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When are we responsible for our own actions, and when are we in the grip of biological forces beyond our control? This intriguing question is the scientific province of behavioral biology, a field that explores interactions among the brain, mind, body, and environment that have a surprising influence on how we behave and interact.


Robert Sapolsky

We humans activate the stress-response for reasons of psychological factors, and that's simply not what the system evolved for. If you do that chronically, you're going to get sick.


Stanford University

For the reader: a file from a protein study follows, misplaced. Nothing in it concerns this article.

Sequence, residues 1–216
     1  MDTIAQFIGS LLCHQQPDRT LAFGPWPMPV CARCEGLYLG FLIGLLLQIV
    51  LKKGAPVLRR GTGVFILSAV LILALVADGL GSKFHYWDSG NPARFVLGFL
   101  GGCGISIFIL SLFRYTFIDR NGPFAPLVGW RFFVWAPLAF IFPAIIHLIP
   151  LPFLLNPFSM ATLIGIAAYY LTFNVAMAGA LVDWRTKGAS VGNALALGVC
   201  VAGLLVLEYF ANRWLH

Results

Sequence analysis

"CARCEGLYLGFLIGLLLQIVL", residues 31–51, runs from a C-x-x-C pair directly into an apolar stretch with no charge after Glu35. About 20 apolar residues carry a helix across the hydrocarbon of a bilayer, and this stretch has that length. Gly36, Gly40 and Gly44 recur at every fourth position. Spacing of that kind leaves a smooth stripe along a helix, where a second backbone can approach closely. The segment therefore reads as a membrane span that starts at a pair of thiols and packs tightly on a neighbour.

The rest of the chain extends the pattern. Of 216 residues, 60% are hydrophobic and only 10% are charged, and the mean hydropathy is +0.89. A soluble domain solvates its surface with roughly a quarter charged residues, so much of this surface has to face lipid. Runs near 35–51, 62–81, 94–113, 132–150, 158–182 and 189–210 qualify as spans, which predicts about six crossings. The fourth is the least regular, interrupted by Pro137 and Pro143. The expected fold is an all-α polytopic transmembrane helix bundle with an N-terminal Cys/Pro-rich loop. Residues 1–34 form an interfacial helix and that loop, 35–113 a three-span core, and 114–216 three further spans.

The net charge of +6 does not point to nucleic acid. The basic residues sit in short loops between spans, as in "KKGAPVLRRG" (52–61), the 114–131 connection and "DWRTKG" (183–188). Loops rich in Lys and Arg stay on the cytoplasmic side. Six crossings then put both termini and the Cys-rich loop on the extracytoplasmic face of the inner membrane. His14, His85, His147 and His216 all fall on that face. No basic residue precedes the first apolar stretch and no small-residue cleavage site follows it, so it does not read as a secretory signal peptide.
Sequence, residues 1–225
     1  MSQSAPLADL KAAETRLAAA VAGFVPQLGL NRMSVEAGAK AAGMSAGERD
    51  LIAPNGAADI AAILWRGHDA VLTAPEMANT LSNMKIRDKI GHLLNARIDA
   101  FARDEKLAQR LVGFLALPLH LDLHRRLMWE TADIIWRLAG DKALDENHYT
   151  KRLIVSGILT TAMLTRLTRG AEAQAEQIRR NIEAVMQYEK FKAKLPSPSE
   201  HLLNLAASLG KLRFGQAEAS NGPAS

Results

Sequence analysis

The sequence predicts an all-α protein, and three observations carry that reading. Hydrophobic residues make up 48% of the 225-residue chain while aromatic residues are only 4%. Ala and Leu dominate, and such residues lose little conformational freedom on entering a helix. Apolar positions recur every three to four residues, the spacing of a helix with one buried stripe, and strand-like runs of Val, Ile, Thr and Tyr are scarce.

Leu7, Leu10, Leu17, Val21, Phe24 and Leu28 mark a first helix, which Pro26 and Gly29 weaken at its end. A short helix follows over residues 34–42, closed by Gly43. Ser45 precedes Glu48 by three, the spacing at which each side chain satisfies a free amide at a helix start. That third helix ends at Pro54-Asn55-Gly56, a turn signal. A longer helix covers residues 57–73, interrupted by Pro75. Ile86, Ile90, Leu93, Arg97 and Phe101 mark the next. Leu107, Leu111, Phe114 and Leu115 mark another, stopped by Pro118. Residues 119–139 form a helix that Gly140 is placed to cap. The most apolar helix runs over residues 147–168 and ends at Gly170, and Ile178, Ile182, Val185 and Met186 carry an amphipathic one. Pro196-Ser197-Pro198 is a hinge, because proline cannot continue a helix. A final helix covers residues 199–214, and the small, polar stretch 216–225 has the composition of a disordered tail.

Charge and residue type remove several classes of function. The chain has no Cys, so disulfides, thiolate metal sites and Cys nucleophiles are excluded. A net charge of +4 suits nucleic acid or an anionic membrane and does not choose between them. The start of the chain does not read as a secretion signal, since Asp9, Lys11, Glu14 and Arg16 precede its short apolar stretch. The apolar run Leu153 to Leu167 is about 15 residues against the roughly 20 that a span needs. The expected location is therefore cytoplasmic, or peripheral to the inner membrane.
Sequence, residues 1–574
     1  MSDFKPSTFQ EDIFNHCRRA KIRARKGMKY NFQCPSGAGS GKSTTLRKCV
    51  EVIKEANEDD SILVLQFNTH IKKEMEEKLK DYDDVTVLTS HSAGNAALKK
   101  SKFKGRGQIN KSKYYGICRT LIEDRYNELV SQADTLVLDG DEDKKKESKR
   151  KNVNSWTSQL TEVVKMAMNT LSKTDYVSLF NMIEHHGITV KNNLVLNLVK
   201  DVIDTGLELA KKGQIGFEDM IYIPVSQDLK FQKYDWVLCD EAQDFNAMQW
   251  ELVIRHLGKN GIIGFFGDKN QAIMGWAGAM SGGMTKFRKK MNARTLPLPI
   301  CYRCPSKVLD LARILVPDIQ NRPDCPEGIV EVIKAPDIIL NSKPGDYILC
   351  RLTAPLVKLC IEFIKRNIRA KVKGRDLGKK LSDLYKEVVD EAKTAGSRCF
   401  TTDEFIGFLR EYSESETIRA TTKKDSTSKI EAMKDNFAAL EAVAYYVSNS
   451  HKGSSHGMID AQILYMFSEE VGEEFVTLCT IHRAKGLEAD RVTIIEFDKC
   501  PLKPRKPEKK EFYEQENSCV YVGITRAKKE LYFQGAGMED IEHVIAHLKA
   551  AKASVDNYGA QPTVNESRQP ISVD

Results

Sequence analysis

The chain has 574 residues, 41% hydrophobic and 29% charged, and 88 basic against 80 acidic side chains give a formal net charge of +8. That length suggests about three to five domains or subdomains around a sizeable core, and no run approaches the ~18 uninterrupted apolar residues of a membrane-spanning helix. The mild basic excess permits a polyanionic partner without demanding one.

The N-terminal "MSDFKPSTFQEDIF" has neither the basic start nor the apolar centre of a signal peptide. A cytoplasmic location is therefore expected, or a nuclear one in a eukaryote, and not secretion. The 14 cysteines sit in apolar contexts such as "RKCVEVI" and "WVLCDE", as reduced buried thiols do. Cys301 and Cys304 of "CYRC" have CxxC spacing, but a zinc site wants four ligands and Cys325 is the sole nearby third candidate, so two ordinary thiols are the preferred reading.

Dr. Robert Sapolsky is John A. and Cynthia Fry Gunn Professor of Biological Sciences at Stanford University and Professor of Neurology and Neurosurgery in Stanford's School of Medicine. Professor Sapolsky earned his A.B. summa cum laude in Biological Anthropology from Harvard University and his Ph.D. in Neuroendocrinology from The Rockefeller University in New York. He is also a research associate at the Institute of Primate Research operated by the National Museums of Kenya in Nairobi. Dr. Sapolsky is a recipient of a MacArthur genius fellowship. His teaching awards include Stanford University's Bing Award for Teaching Excellence and an award for outstanding teaching from the Associated Students of Stanford University. Professor Sapolsky is the author of several books, including Stress, the Aging Brain and the Mechanisms of Neuron Death (MIT Press, 1992); The Trouble with Testosterone (Macmillan Library Reference, 1997); and Why Zebras Don't Get Ulcers: A Guide to Stress-Related Diseases and Coping (W.H. Freeman, 1995), which was a finalist for the Los Angeles Times Book Award. He also regularly contributes to magazines and journals such as Discover, Science, Scientific American, Harper's, and The New Yorker.